Herbert Sobel

Herbert M. Sobel (January 26, 1912 - September 30, 1987) was an officer in the United States Army during World War II. He was initially the commanding officer of Company "E" in the 2nd Battalion, 506th Parachute Infantry Regiment of the 101st Airborne Division, the unit that is the subject of the book Band of Brothers by author Stephen Ambrose. In the HBO miniseries adaptation of the book, Captain Sobel was portrayed by actor David Schwimmer.


Early life

Sobel was a clothing salesman after attending military school at the highly-regarded Culver Military Academy. Claims that he attended the United States Military Academy at West Point, New York are incorrect. Sobel volunteered for the paratroopers soon after the outbreak of World War II and was commissioned as a second lieutenant. According to Richard Winters's autobiographical book, mainly from recollections of Winters's conversations with Sobel, Sobel was stated to "have grown up a tough life in Chicago," which was a main reason behind Sobel's erratic behavior when commanding Easy Company.

World War II

Promoted to first lieutenant, Sobel commanded Company E for all of their basic training at Camp Toccoa, Georgia, and was credited with having the finest company in the 506th Parachute Infantry Regiment. He was promoted to the rank of captain in recognition of his ability as a trainer. According to the book Band of Brothers, Sobel was disliked by the soldiers of Company E for his extreme strictness at Camp Toccoa, and though he was mentally strong, Sobel often had difficulties with physical activities, including combat training. His proficiency in skills critical for combat officers was somewhat lacking - for example, Sobel had difficulties in map reading (as depicted in the Band of Brothers miniseries episode "Currahee") and his grasp of military tactics was apparently poor.

After a period of training in the United Kingdom before the Normandy invasion, Captain Sobel was removed from command of Easy Company after several of the unit's non-commissioned officers refused to fight under him, believing him to be an incompetent combat commander who would get many of his own soldiers killed. He was then transferred to command the Chilton Foliat jump school. First Lieutenant Thomas Meehan replaced Sobel, and was one of several officers (including Richard Winters) to succeed him in that post before the war was over.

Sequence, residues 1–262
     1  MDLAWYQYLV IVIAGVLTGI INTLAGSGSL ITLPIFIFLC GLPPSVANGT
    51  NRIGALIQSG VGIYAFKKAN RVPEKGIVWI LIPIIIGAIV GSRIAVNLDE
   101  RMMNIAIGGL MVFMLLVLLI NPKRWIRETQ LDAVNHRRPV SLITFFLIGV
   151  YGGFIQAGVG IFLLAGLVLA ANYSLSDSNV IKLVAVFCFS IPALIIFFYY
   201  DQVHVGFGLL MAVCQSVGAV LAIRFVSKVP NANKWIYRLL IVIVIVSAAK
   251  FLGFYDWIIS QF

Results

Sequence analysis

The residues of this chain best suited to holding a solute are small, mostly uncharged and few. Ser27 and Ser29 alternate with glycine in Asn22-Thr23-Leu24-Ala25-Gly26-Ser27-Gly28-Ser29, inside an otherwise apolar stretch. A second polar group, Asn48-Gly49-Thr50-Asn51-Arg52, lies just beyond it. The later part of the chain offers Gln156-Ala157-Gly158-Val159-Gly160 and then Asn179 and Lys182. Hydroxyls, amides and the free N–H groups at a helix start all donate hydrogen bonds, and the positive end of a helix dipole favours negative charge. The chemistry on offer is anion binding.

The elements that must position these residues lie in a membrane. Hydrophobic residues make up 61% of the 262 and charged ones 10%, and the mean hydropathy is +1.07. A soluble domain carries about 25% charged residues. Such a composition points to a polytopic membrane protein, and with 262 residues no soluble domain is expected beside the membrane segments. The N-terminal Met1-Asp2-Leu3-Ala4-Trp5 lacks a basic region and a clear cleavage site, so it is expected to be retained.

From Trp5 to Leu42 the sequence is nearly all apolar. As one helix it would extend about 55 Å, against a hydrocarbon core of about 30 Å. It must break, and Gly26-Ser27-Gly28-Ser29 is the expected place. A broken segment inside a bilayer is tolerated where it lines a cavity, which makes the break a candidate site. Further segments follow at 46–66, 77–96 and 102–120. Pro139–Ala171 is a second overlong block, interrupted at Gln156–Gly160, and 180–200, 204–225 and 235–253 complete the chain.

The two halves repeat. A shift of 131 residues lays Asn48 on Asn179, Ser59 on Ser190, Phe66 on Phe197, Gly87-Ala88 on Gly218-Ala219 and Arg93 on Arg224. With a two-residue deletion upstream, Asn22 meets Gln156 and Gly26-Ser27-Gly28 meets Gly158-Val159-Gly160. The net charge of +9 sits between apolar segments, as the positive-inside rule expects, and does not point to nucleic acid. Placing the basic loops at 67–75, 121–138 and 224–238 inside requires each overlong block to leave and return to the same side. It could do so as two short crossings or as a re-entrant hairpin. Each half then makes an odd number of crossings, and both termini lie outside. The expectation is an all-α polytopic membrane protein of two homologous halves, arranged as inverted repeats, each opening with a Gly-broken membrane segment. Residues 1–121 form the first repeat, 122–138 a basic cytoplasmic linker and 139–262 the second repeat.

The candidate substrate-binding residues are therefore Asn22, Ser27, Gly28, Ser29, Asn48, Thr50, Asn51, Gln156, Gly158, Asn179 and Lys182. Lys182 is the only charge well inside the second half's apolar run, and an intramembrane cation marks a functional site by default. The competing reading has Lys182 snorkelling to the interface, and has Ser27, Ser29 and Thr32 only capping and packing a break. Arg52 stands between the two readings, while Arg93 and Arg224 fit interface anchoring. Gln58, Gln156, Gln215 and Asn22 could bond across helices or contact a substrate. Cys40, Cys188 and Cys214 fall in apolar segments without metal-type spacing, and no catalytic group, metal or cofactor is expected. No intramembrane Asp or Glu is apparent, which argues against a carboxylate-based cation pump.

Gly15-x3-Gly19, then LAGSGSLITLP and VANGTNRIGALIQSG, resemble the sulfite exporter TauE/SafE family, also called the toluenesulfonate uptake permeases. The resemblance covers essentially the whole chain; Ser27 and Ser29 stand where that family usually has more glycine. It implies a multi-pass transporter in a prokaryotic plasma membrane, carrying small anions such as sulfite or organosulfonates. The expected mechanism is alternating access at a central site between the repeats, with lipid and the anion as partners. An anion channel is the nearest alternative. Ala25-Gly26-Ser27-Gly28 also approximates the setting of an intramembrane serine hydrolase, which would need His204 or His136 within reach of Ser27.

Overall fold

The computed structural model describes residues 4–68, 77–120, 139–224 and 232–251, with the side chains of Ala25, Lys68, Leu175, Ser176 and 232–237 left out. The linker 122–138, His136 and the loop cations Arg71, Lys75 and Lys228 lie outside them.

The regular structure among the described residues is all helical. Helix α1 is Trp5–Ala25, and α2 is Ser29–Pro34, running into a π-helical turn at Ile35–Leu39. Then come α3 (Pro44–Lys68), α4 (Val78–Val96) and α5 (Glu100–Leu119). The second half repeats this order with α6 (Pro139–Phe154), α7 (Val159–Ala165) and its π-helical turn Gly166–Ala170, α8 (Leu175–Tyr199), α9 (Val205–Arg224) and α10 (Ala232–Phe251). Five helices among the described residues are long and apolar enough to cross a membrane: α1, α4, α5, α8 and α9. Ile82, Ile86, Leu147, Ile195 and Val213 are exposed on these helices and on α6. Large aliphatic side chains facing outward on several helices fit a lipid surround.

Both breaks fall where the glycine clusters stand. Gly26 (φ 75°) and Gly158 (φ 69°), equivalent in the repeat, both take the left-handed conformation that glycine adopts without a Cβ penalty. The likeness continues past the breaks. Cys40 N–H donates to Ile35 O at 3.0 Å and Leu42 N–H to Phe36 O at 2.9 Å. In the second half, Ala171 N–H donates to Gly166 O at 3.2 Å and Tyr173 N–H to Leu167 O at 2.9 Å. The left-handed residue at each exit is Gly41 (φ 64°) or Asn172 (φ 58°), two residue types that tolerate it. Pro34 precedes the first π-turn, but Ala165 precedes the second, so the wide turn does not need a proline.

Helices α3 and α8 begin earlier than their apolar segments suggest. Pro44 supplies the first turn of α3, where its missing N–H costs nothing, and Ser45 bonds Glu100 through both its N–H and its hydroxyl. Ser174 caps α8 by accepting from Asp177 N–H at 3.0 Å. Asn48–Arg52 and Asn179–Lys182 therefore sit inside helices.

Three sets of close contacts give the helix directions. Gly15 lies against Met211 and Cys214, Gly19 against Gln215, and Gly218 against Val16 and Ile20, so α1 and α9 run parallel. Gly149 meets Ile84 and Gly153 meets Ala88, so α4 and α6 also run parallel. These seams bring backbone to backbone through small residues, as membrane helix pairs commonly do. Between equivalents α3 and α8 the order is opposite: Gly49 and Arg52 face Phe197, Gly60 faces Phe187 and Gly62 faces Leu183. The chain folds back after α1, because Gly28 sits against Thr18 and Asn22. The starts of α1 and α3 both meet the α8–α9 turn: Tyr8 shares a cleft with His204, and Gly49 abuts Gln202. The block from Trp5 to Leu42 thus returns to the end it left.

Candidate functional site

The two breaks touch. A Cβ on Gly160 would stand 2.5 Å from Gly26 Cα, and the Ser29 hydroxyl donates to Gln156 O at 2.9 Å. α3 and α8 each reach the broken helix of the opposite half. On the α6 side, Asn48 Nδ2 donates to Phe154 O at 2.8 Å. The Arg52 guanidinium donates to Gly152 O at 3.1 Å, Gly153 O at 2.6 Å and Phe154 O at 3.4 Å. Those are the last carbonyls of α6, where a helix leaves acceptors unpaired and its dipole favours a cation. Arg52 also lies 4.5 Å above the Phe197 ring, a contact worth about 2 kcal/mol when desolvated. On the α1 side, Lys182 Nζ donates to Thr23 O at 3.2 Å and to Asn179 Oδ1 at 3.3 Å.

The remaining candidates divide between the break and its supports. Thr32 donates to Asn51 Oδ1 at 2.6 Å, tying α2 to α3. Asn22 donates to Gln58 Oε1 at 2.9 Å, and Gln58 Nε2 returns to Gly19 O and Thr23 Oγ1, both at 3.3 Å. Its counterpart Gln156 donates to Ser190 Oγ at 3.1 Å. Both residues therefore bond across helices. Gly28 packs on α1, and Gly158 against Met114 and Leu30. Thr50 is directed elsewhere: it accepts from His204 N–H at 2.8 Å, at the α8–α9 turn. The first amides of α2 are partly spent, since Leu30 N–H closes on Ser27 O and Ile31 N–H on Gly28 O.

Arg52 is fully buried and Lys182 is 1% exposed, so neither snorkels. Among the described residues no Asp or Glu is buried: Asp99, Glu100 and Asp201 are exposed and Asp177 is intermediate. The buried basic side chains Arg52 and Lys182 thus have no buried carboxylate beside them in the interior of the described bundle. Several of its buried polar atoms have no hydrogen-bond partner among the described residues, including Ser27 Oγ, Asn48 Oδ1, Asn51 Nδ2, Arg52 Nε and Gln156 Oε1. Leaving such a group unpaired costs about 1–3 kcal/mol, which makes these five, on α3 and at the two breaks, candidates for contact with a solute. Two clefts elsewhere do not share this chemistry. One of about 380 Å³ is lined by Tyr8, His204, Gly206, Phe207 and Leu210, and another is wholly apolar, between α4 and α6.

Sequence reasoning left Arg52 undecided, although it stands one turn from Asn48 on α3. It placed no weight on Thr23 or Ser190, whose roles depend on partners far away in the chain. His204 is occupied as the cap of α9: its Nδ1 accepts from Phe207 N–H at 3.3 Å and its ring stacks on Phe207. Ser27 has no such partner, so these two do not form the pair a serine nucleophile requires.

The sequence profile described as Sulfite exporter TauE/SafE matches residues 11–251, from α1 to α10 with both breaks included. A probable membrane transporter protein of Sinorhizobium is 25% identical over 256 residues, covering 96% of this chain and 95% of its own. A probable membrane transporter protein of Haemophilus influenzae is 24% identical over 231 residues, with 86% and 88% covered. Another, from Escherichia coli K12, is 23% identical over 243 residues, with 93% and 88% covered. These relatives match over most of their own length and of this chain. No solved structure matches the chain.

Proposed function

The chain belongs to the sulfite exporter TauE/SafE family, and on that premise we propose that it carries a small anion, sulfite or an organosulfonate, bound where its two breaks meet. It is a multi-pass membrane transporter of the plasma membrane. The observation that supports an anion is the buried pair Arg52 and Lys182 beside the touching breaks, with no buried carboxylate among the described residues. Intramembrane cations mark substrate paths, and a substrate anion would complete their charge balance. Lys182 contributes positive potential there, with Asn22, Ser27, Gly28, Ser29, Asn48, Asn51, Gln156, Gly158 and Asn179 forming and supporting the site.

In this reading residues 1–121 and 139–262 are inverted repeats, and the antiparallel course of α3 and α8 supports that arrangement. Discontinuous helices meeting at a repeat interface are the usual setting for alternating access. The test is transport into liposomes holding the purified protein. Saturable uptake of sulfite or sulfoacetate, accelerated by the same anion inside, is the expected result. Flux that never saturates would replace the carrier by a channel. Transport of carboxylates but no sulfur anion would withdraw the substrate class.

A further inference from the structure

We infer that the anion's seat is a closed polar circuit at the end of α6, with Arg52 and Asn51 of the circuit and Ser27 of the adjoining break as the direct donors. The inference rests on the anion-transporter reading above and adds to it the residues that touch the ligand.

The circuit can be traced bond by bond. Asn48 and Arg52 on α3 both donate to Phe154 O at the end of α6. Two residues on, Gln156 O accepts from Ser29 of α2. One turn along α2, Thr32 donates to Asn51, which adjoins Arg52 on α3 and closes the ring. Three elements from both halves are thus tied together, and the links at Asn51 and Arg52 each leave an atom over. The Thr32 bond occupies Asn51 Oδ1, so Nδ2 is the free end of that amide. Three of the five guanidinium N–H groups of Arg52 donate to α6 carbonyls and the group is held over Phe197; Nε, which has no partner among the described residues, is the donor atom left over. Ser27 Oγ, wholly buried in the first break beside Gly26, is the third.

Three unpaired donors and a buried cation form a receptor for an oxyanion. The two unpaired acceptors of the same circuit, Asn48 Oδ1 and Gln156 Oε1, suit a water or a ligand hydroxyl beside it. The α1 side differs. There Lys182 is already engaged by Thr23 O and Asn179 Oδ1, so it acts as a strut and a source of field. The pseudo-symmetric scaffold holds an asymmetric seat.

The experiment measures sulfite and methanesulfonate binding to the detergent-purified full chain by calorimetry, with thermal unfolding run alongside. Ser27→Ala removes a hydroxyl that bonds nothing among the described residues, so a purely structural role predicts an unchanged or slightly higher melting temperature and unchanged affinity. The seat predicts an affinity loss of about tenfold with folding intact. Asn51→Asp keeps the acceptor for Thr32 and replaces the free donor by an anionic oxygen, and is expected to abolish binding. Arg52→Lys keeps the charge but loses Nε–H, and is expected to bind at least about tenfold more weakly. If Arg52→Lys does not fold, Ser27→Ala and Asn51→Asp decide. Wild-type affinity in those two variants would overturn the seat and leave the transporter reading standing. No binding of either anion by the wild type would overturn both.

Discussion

After the invasion of Normandy, Sobel was again moved to a combat assignment, where he was wounded by enemy machine gun fire.

Shortly before Easy Company took part in Operation Market Garden, Sobel was assigned to the 506th once again, this time as the regimental S-4 (logistics) officer.

Though Sobel was not qualified to be a combat leader, many veterans of Easy Company have stated that they believe they would not have survived the war without Sobel's hard training regimen at Camp Toccoa. There is no evidence in the public record regarding Sobel's performance as the jump school commander or as the regimental S-4. His duties in those positions would have relied on skills quite different from those needed to command an infantry company.

After World War II

Sobel returned to the United States after the war, and became an accountant before being recalled to active duty during the Korean War. It is unknown if he was stationed in Korea or remained in the United States. He remained in the Illinois National Guard, eventually retiring at the rank of Lieutenant Colonel.

Sobel returned to his job as an accountant for an appliance company in Chicago. He married, although he was later divorced, and had two sons. After the television series portrayed Sobel as a petty tyrant, his son Michael, unhappy with the public opinion of his father, attended the 2002 reunion of Easy Company and spoke of his memories of Herbert Sobel as a good father, which was well-received by the audience.


  • Band of Brothers: E Company, 506th Regiment, 101st Airborne from Normandy to Hitler's Eagle's Nest, Stephen Ambrose, Simon & Schuster, 1992. ISBN 0-7434-6411-7

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